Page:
Now THAT burns!
Chances are over the past two years you’ve heard about “fake news” just about everywhere you turn.
From the news to social media to our very own friends and family, fake news is rampant, and whether or not it’s intentional (based on your source), it’s still doing harm. One of the dangers of being connected to the internet at any second is that we rush to read a headline and jump to conclusions, or we read a line of what someone has posted and then fill in the blanks for ourselves. This is not how news should be disseminated or understood, but it is how we live today, always in a rush, always sharing and accepting the first thing we hear that sounds plausible and acceptable to us.
Even though we keep hearing about how news stations and websites can’t be trusted, one of the worst places for the proliferation of fake news is on social media. Whether from friends or seemingly accredited sources, the best weapon we have to fight this is our own common sense, or at least the effort that goes into reading an entire article and double checking any sources, data, and claims before accepting it as fact.
We all know how those pesky friends from high school can be on social media, but when one woman tried spread lies about cancer, her Facebook friend was NOT having it. Read her epic clapback.
Life’s a Beach
The whole thing started innocently enough.
Whether you love or loathe cute couples pics on Facebook and other social media, they are here to stay. When this couple shared their beach day photos on Facebook, they were playful and down to earth. Whoever shared it wrote, “this is my smug ‘I’m definitely not going to get sunburned today’ look. flash forward to 3 hours later and I had the chills from being so burned. wear SPF< kids."
As one of the palest people on the planet (my dermatologist once told me never ever to take off my shirt where sunlight is present. Thanks, doc…), I appreciate this post and PSA. But clearly, not everybody was so ready to accept their helpful advice.
“Just trying to inform”
Now let’s get one thing straight: The comments section on Facebook or any other social media is a dark and dangerous place. While there is the VERY RARE genuine compliment or constructive addition to a topic, the truth is that comment sections very quickly turn into arguments among trolls or depressing situations where elderly family members often end up getting TMI way too fast.
Long story short, leave it to commenters to ruin a nice post.
In this case, as soon as the beach picture went up, one woman* felt the need to write, “SPF causes cancer! Try a beach umbrella [kissy face].”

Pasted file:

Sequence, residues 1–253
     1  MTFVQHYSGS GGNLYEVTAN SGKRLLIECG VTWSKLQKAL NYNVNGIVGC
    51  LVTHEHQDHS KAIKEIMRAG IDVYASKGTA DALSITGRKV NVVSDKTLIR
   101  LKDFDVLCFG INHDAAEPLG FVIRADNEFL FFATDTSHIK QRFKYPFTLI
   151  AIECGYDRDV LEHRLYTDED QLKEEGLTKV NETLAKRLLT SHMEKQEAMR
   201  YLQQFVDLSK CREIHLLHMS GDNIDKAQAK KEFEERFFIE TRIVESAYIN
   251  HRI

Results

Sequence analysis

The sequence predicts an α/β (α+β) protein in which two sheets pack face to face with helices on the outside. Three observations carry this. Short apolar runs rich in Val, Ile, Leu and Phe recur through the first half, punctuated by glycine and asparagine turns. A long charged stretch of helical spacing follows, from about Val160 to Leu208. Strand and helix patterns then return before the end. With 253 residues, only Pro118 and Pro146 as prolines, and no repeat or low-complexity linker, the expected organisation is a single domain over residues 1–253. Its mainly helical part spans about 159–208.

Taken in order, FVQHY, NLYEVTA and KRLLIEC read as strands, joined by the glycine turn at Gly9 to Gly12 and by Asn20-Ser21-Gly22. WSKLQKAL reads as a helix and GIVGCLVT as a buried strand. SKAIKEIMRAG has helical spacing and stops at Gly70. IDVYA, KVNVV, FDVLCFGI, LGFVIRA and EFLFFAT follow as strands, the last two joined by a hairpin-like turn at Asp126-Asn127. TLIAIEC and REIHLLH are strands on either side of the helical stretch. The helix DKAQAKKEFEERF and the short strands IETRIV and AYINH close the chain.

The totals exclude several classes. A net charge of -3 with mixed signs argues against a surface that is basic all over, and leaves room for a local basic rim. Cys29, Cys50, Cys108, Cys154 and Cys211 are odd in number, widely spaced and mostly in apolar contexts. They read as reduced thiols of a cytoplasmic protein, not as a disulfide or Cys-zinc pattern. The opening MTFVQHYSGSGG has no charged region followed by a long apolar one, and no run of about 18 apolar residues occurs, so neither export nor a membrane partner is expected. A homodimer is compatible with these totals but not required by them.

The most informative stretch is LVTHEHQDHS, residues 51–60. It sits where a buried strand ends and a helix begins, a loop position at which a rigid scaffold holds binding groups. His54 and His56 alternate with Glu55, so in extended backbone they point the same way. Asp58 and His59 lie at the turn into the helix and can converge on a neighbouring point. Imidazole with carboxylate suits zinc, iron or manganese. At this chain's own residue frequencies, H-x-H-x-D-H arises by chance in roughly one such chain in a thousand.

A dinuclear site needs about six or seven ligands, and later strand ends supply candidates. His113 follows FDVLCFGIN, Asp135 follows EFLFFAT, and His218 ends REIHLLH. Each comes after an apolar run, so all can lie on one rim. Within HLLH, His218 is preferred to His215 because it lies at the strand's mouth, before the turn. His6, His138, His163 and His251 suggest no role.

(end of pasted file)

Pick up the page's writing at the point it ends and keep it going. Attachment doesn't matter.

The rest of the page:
Stop right there. Stop everything. Through this comment alone, what was once a nice picture rapidly turned into a hotbed for debate. And debate they did.
20 minutes later, some good Samaritan came back at the cancer claim writing, “Well that’s just empirically not true.”
The original commenter and cancer conspiracy theorist wasn’t having it, and responded, “Do some research of your own before you accuse people of not speaking the truth please. Just trying to inform. Thanks.”
It was on.
(* – unsure of the names of these people, we are assuming the commenters here are women)
Nobody likes seeing obviously fake news and conspiracy theories spread on Facebook, especially when their claims start to overshadow what all started as a cute picture of a couple on the beach.
Unwilling to put up being called a liar (indeed, for calling out a liar), the second commenter clapped backs with the cold hard facts. Brace yourself. “First of all, SPF is a unit of measure. This is like saying that millimeters cause drowning. But you want research? Fine.”
“The claim that more people who use sunscreen develop melanoma is based on a study that tracked sun exposure and sunscreen use in nearly 1500 people over a span of two years. The results did show that those who used sunscreen were more likely to develop melanoma, but there was a massive caveat left out: The media sun protection factor (SPF) was 6 (the CDC recommends SPF 15 or higher) and those who used sunscreen the most spent considerably more time in the sun than those who rarely use sunscreen.
“A common ingredient in sunscreens is oxybenzone […] However, there haven’t been any studies to show that this chemical […] causes cancer, even when given at doses much higher than usual.
“The American Society for Dermatological Surgery recommends sunscreen. The National Cancer Institute recommends sunscreen. The World Health Association recommends sunscreen. The National Institute of Health recommends sunscreen. The Skin Cancer Foundation, in a meta-analysis of every study between 1966 and 2003, ‘found no evidence that sunscreen increases melanoma risk.”
She went on, and implored the original troll to black up her own ridiculous claims in the future. And for all of us third parties reading the exchange, DAMN, that felt good!
Read more about sunscreen and skin cancer here and SHARE this article with someone who loves social media karma!